CARY – A planned $8.5 million auditorium modernization at Cary-Grove High School could lead to the village changing zoning rules to accommodate the project.
In an effort to avoid a similar controversy that happened in Crystal Lake, Cary and school district officials have been in discussions about the project, and the district is reaching out to nearby residents.
Village Administrator Chris Clark said the village provided the district with 70 to 80 addresses of nearby residents and property owners so the district could send letters to them about the work.
A zoning controversy where a judge has ruled that District 155 had to follow city zoning regulations when it built a $1.18 million set of bleachers at Crystal Lake South High School is under appeal.
Neighbors next to Crystal Lake South complained about the bleachers being built too close to their backyards, and that the district did not receive a city variance.
District officials contend all they needed to move forward with a project is approval from the Regional Office of Education.
Now with the $8.5 million Cary-Grove auditorium project scheduled to begin in August, there are discussions between the village and school district about helping the project move forward.
The height of the auditorium is currently 22 feet. After the year-long project, the average height would be 38 feet, but there would be a fly-loft area for curtains and backdrops that will be 46 feet, 6 inches tall, said Jeff Puma, District 155 spokesman. It would not be occupied space.
However, under the village's zoning ordinance, there is a 30-foot height maximum on land zoned for schools. Staff does have the ability to grant a 10-foot grace area, bringing the maximum height to 40 feet.
The school's auditorium project would need a variance, which is a process the district does not want to go through, Clark said.
"There is a concern if [the district] comes to the village of Cary and asks for zoning relief ... they would be acknowledging they do have to follow local zoning, which submarines their litigation with Crystal Lake," Village Attorney Mike Coppedge said.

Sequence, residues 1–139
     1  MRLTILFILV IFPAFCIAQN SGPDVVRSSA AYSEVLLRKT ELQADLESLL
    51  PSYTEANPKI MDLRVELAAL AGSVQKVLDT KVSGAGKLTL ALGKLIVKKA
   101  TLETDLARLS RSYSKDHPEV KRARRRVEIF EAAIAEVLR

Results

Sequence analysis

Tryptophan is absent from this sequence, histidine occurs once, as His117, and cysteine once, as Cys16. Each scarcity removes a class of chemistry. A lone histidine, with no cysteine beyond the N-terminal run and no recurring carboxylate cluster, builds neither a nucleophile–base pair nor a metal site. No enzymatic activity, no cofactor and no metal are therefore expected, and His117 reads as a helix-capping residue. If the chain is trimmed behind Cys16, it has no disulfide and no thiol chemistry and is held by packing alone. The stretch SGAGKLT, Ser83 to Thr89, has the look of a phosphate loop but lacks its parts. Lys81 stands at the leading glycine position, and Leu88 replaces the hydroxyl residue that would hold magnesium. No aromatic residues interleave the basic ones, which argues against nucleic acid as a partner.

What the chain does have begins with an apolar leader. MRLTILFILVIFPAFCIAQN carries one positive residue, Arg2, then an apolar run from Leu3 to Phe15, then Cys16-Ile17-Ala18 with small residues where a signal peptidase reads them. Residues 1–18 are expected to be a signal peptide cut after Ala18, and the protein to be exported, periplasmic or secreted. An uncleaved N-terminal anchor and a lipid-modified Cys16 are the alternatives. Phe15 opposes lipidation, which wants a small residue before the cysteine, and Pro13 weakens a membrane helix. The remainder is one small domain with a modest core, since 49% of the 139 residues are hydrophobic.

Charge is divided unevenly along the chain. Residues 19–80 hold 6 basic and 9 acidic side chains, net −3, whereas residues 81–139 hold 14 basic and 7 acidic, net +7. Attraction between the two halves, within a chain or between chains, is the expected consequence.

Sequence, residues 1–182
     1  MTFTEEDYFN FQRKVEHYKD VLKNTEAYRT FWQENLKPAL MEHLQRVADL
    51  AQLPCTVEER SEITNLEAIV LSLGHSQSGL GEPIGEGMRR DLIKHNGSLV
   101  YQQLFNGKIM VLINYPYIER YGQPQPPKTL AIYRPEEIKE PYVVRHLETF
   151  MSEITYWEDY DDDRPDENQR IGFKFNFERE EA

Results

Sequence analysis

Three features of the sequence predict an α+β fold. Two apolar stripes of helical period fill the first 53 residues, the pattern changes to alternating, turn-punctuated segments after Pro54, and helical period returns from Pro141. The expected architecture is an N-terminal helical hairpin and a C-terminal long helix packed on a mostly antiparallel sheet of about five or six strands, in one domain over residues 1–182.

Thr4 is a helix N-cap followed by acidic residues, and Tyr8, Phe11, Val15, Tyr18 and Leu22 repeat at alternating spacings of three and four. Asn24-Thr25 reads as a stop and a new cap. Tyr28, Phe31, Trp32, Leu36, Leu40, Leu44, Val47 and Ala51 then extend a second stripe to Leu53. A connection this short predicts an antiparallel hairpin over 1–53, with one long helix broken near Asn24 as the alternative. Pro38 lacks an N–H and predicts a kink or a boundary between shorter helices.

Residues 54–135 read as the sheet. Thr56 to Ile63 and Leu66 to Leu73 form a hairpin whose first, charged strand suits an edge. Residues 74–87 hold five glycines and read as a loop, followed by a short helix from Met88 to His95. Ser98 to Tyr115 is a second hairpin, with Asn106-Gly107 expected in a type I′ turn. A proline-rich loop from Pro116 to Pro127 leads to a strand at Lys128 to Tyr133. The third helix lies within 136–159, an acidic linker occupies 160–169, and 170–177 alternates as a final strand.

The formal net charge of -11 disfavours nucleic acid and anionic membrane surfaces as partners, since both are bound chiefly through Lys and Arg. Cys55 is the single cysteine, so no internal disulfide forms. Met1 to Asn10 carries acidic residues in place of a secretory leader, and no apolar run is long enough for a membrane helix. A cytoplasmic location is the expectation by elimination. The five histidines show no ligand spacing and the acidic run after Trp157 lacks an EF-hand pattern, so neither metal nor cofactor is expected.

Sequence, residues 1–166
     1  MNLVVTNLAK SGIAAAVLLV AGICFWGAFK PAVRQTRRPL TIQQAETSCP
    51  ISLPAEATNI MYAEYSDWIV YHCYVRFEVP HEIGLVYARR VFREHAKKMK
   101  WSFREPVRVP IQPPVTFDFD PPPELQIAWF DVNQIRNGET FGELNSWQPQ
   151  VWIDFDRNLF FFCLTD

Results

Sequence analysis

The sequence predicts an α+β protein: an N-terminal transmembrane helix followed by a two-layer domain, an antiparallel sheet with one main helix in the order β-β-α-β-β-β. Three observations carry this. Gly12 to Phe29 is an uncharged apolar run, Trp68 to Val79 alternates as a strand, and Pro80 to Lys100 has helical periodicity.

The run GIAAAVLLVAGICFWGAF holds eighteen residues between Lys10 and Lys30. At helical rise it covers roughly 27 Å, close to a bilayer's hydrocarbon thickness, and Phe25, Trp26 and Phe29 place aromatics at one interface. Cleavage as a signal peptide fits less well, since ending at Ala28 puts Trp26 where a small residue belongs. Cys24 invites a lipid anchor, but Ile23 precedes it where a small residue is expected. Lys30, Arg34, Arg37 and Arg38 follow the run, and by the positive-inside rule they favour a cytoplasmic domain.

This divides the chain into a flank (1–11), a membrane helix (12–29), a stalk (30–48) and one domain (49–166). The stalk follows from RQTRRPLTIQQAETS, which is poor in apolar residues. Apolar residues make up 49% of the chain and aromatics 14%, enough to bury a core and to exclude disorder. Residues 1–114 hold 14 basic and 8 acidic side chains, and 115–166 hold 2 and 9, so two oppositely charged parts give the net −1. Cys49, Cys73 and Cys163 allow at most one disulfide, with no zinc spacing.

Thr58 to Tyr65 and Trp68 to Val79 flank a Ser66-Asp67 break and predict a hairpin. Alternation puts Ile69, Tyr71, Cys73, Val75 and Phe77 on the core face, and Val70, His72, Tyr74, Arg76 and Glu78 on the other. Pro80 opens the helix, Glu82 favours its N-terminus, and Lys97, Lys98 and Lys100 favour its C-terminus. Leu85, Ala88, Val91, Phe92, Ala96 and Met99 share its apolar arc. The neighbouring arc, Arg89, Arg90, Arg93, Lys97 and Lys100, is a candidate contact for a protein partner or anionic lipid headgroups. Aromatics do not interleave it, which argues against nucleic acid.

So village staff is proposing an amendment to its zoning code to allow schools to exceed the 30-foot rule as long as it's nonoccupied space and no taller than 49 feet.
The village's Board of Zoning, Planning and Appeals is scheduled to review the proposal June 26.
Coppedge said if the appellate court rules in favor of the school district, then District 155 can build whatever it wants.
"The other scenario is saying the trial judge in McHenry County was right and they have to follow local zoning, and we would be no worse for wear because we implemented a text amendment to be cooperative government neighbors to build the auditorium on standards that work for everyone," Coppedge said.
Clark said the village and district are trying to develop a creative solution to the issue.
"We're not trying to not pay attention to our rules, we're trying to fairly apply them, and avoid any risk of any litigious process, which both parties don't need," Clark said.
Village Director of Community and Economic Development Chris Stilling said many schools' gymnasiums today need a height of 35 to 40 feet.
"Our current codes don't contemplate fitting the needs of current elementary schools, or high schools or junior highs," Stilling said.
However, if the text amendment does go through, it could leave the door open for another taxing body, such as the park district, to build a structure up to 49 feet tall, Village Trustee Rick Dudek said.
"The park district to me, because of the amount of land they own in this town, would be a likely candidate at sometime to hold that against us," Dudek said.
Of the $8.5 million expense, $1.5 million will come from the Cary-Grove Fine Arts Foundation, which has been fundraising to get the auditorium project completed.
Even though the project has been presented at various school district committee and board meetings, there will be another presentation Tuesday at Cary-Grove High School.
Before the construction of the Crystal Lake South bleachers, the district only posted required public notices on its website and in the newspaper.
This time around, the district has sent letters to 70 nearby residents and property owners letting them know about the project, Puma said.
"I think we're trying to be proactive and get the word out as much as possible," Puma said.
Puma also acknowledged the discussions with Cary officials.
"We're working with them to mutually plan this for the benefit of the students and community as a whole," Puma said. "The productions at Cary-Grove are quite good and well-attended. We're working with the village to make sure it's being planned properly."
To learn more
District 155 on Tuesday has scheduled a presentation on a planned auditorium project at Cary-Grove High School, 2208 Three Oaks Road, Cary.
An open house is scheduled to begin at 6 p.m., with a special school board meeting and presentation scheduled for 7 p.m.